The Basel architecture practice selected raw concrete for the extension, which opened last summer, to juxtapose the stonework of the existing museum building planned by Swiss architect Gustav Gull in the late 19th century.
The extension, which houses new galleries, an auditorium and a library, affixes to either end of the old stone building to enclose a courtyard.
A jagged cutout in the base of the concrete structure creates an opening to allow visitors to enter the courtyard. Gardiner's images capture dramatic shafts of sunlight and shadow on the underside of this opening, which dwarfs the figures in the shots.
"I'm always looking to make images that illustrate the human experience of that project at that time. The winter light in March gave the materiality a beautifully sombre tone," Gardiner told Dezeen.
"The building is unusual in that it's not particularly heroic from a distance, but the plan offers some quite intimate moments with scale once you get up close to the bridge and courtyard," he added.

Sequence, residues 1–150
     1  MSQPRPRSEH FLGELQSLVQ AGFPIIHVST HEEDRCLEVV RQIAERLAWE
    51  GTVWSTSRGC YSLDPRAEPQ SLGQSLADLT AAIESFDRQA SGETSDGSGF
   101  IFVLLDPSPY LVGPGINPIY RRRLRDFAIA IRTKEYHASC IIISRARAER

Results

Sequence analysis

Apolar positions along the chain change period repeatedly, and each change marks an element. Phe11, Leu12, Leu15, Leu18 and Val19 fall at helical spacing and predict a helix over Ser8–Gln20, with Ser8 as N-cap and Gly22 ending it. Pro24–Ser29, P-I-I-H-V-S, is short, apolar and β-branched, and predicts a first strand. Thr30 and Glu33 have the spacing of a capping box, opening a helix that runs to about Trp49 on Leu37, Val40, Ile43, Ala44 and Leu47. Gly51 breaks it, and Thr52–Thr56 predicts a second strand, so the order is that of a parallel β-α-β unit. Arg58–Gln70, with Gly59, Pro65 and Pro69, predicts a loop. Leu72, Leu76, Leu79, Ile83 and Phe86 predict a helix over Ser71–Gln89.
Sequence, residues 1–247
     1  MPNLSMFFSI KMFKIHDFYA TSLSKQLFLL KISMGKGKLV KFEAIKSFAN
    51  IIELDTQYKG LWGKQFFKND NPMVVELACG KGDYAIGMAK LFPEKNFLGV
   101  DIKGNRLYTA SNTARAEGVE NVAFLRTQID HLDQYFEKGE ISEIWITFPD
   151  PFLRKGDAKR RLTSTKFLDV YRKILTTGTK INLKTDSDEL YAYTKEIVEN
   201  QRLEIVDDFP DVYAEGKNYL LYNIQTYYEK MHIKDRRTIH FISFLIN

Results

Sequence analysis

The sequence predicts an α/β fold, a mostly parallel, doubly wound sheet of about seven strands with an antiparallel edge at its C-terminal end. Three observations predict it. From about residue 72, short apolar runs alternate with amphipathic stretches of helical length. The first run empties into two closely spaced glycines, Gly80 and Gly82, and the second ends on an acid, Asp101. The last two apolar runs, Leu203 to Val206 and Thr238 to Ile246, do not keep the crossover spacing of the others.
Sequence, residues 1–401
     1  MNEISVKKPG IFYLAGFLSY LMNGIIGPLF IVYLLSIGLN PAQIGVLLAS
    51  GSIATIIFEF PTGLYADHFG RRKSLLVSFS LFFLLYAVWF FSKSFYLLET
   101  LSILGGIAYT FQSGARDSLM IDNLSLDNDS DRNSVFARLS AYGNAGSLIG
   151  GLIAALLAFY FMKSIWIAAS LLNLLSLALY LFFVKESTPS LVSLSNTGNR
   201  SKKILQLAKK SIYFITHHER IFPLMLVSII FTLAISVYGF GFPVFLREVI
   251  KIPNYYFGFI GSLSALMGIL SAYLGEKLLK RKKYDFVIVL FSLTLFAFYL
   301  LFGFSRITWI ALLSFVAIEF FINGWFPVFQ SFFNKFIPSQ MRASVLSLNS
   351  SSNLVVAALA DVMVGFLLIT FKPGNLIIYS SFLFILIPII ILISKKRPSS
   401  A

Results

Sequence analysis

"I also love the delineation from the existing structure that still compliments rather than overpowers the original project."
Gardiner used two medium-format cameras – a Mamiya RZ67 and an Arca Swiss – and Kodak Portra film to photograph the project.
The combination of the light and film choice lend the shots a warm tinge.
Gardiner is based in east London.
He has previously photographed the home of British rapper Tinie Tempah for a Dezeen feature, as well as a range of architecture and interiors projects including The Leadenhall Building in London by Rogers Stirk Harbour + Partners and David Chipperfield's Museo Jumex in Mexico City.